Running back wasn’t a pressing need for the New York Giants heading into the offseason, but it was a position that we thought could be upgraded. The team seemed to agree, adding veteran Bobby Rainey, fifth-round draft pick Paul Perkins, and undrafted free agent Marshaun Coprich to bring the number of running backs on the roster to seven.
Of the returning players, Rashad Jennings looks to be the best returning runner from last year, while Shane Vereen figures to continue to be heavily involved in the passing game. Jennings posted career-highs in most statistical categories last season, in addition to earning his best overall and rush grades of his seven-year career. However, he turned 31 in March, has missed time due to injury in previous seasons, and has played more than half of his team’s offensive snaps in a season just once. 2015 was also just his second year with an above-average run grade. Vereen has been a valuable player in the passing game over his career, but he has never finished a season with an above-average rush grade and is best suited as a situational back.
New York’s fourth-round draft pick from 2014, Andre Williams, has been a disappointment thus far. He’s earned negative overall grades in each of his two years and has barely averaged two yards after contact in his pro career. His playing time dropped down to 159 snaps last year — just 14 percent of the Giants’ offensive plays. So while the position is far from a wide open race, the door has been left open for another player to command significant playing time if one proves to be better.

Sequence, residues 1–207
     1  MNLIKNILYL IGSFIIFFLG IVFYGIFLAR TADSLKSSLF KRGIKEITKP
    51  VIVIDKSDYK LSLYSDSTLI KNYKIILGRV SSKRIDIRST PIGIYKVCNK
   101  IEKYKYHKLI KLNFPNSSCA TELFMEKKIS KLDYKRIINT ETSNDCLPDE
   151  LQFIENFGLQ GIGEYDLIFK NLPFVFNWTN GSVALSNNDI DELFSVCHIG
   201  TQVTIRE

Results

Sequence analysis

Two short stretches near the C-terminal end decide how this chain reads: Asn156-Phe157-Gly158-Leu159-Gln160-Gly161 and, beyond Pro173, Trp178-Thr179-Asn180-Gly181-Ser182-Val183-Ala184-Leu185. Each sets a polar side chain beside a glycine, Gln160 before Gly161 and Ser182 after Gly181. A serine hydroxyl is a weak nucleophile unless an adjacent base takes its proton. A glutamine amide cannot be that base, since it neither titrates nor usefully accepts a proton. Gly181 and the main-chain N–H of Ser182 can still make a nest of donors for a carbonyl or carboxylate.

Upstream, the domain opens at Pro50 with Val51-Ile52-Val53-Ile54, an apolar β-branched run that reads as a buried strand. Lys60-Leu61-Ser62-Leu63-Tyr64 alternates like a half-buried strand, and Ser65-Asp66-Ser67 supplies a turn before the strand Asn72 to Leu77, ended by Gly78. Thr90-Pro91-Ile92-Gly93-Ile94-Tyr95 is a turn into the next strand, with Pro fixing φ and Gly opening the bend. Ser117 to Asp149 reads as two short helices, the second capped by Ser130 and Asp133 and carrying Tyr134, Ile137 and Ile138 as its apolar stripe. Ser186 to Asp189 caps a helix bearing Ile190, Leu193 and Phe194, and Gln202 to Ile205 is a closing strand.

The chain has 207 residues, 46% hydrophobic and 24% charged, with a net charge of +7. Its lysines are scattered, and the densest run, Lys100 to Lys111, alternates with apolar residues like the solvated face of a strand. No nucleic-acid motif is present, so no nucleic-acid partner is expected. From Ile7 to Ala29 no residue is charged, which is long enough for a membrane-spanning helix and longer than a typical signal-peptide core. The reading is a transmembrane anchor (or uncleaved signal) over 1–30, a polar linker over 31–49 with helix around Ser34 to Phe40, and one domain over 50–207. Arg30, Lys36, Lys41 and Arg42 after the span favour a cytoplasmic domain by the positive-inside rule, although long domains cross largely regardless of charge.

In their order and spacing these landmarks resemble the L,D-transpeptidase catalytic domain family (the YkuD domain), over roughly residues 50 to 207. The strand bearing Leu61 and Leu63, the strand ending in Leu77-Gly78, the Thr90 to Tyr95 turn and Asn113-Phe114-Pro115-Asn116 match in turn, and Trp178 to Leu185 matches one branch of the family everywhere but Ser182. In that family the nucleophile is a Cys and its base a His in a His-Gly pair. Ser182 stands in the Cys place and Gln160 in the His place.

Former UCLA Bruin Paul Perkins dropped all the way to the fifth round in the draft as the running back position continues to be devalued, but we at PFF had a late-second-round draft grade on him as the third-best running back in the class. As a junior in 2015, Perkins led the draft class in both rushing grade and elusive rating, which is PFF's measure of how productive a back is independent of his blocking.
Some have said Perkins cannot be very successful as an inside runner or without a good offensive line due to his 5-foot-10, 208-pound frame, but his tape from 2015 shows a different story. He works well in small spaces and can consistently make defenders miss in the hole. Perkins averaged 3.6 yards after contact, tied for second-best in the draft class. He forced 73 missed tackles as a runner, second to only Heisman winner Derrick Henry of Alabama, who needed an extra 160 carries to get to 76.
UCLA’s offensive line was a mediocre run-blocking group at best, with half of their top six offensive linemen grading negatively. Perkins often had to avoid and beat defenders in the backfield, and already proved to deal with it better than almost all college running backs. He was contacted behind the line of scrimmage on over a quarter of his carries, one of the highest rates in the nation, and still averaged 3.5 yards after contact on those 61 runs. Perkins is fairly unproven as a receiver and was a below-average pass blocker, but with Vereen handling those duties, Perkins could focus primarily on running the ball as a rookie. Even if the Giants’ offensive line doesn’t improve upon its 16th-ranked run blocking in 2015, Perkins might be the best-suited to succeed behind an average line.